Tag Archives: summer

This poem, a sparrow

I remember counting birds on summer mornings,
before the heat settled in,
I’d circle the house.
and count the sparrows and bluejays,
a robin or two and sometimes a cardinal.

A task that kept me focused
each and every morning – on small details
like the poetry now.
I looked for colors,
with hope that this time
I might see yellow in a warbler, a goldfinch,
the multicolored painted bunting
or hear a gleeful song that the mockingbird pretends.

The ominous black crow was not here, though venturing
near the field behind our house – I would hear caws
that echoed.

Tick marks on the page were used to tally,
and sparrows always led the count.
A swath of greys and brown, with patches
of blue and red, and always hoping for yellow.
The darkness far away.

This, before the summer heat settled.

Memories…within yew, without yew

We do gardening on summer holidays.

It’s what we’ve always done.

Most of the time, it involves planting impatiens or petunias or marigolds. Sometimes, it can be more…I remember one Memorial Day weekend when I boldly decided to rip out a row of old growth yew shrubs from the front beds of our house (at the time). I was intent on creating new flower bed spaces and getting rid of an old shrub that I could no longer shape into anything attractive (think basic geometric shapes, 3-5 feet in size). And while yews have their redeeming qualities (they are evergreen, offer an herbal remedy for rheumatism, potential cancer cure in taxus, and they make awesome hedgerows for mazes), it wasn’t doing anything for our curb appeal.

In taking this on, I did have some concerns: I was afraid of destroying our foundation, hopeful of discovering a lost cache of pirate gold (in Ohio….yeah), or worse yet, getting half way through and realizing that the roots extend DEEP into the ground and having to call in reinforcements to yank it out of the ground.  The foundation was ok and the treasure wasn’t likely anyway, as there have been no stories of privateers sailing up the Ohio River (plus no evidence of a treasure map in our attic).

However, the roots went deep and wide…probably 50 years deep, judging by the age of our home at the time.

The first one came out easy enough, but it was near the driveway, and I either had more leverage or more horizontal root spreading to chop. The last one was not so easy… it just laughed at me, as only yews can do. I had to dig, and chop, and wedge, and dig some more…I broke a shovel. I took a break to go the nearest hardware/home improvement warehouse and buy another shovel. I think I borrowed a chainsaw or an axe from a friend. It’s all a blur now.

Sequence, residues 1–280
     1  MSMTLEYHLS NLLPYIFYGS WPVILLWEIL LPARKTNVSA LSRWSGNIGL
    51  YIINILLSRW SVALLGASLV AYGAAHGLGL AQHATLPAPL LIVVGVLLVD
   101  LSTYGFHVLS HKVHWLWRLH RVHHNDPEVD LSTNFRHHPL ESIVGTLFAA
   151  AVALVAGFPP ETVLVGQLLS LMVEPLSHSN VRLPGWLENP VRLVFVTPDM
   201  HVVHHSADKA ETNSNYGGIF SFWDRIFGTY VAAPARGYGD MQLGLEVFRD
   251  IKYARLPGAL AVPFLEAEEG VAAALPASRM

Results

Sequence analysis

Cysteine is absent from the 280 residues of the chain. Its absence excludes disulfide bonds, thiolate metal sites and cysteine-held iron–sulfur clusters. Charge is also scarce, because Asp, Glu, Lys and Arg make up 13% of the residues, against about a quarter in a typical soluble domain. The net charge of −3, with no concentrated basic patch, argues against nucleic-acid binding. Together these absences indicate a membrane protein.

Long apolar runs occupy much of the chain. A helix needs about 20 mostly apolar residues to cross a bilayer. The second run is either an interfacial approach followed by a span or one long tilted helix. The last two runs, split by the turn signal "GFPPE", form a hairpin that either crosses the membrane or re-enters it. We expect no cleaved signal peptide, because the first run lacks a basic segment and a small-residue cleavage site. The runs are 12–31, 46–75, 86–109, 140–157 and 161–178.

Finally, I won.


I chopped it into submission, and dug it out. And laying sprawled on my back on the lawn, I realized that I was free from the yew. I still had landscaping to do though, with building a retaining wall, adding soil, planting cute little boxwood shrubs (that I wouldn’t see grow to 50 years maturity- it will be someone else’s problem).

Fast forward to this weekend –

We don’t live in that house any more, and our landscaping issues are much easier.

I don’t attempt to do everything at once. In the last year I have dug a new bed along the back our house, transplanted a rose bush from the front to the back (because it get’s more sunlight there- and I don’t have to get stuck with a thorn every time I walk by it). I also transplanted 3 snowmound shrubs to the back bed because they would tend to grow over everything.

Everything needs the right amount of space.

In their place (this weekend) I planted gutter plants and dianthus (here’s hoping the rabbits don’t eat it). In the back, I weeded some rather large milkweed stalks (or it could have been alien pod plants – they appeared rather quickly and then put down some liberal amounts of weed killer and top soil. Then I planted some nice ornamental grasses, some yellow flowers (marigolds and begonias), and some tomato plants (I’m a glutton for disappointment).

So that’s how I spent my long weekend, and the beginning of summer.

Excuse me while I look for the ibuprofen.


As when dandelions bloom

four months from now,
the sun will lie in wait,
hanging in the damp,
and the air will be thick
with summer’s late serenades
that twist
and linger,
before a precipitous
lunge. Time will stand still,
before exhaling at its crest
to signal an end
to an effulgent season,
four months from now.